stakeholders think that forcing users to do something they are unwilling to
do is likely to result in good data?

As others have pointed out, forced data can simply be harder to detect and
rectify than non-validated data. You could be storing up long-term problems
with poor data quality, whereas spending design time now to find out why
users are unwilling to provide the data can be a bit more troublesome now,
but provide far better data quality and user experience in the long term.

Luke's interesting article on Alistapart underlines this point, in my view.
His research found that:

- validating data that shouldn't be validated (e.g. first names) was
regarded as weird and confusing (my paraphrase) by users.

- speedy, immediate checking of data that should be validated (e.g. is my
choice of username available?) is welcomed by users and helpful

- attempting to validate data before the user has finished typing is
intrusive and disliked by users (a point we explore further in our book:
it's all about interrupting the user's turn in the conversation).

Underlying this, I think we need to encourage stakeholders to stand back and
think about _overall_ user experience and the underlying business reasons
for publishing the form: factors that I call 'relationship' in our book.
What is the priority here: the immediate 'tidiness' of the data as collected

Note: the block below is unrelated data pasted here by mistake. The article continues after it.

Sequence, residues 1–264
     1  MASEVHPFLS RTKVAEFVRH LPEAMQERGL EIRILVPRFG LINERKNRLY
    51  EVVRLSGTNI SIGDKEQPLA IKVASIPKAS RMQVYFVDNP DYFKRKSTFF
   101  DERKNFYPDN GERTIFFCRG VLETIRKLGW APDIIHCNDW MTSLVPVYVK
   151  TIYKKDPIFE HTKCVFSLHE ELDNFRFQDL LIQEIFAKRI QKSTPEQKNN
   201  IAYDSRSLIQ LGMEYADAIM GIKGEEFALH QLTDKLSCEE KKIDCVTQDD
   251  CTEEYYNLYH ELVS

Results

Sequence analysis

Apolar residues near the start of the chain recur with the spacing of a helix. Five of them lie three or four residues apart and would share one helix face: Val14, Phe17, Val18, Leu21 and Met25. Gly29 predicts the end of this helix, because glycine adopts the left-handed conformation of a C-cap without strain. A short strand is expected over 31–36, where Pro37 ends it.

at this instant, or the long term quality of the data that will be relied on
for the continuing business relationship?

Best
Caroline Jarrett
www.formsthatwork.com

24 Sep 2009 - 12:20pm
Anonymous

Thanks all for the continued input.

I did happen upon that ALA article the other day and found it quite
useful, though not specifically in this context (yet). Inline
validation is something I'll look to incorporate long-term.

In terms of the goals of these forms, unfortunately both of what
Caroline asks are desired: tidiness = reliable data, to the
stakeholder. They are trying to cut down their own efforts internally
(can't fault them for that) by attempting to use web technologies to
'force' (they love that word, btw) the best possible input. To me,
it's sort of the "forest for the trees" situation.

However, I think things are sloooowly coming around. Through
repetition on my part and input from others outside the owner's
group, it seems we're beginning to get our message through. Which,
ultimately, is that the more restrictive the form, the risk of losing
visitors becomes more likely, as does the risk for false data that
only appears valid. So, the effort internally has not necessarily
been reduced.

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Posted from the new ixda.org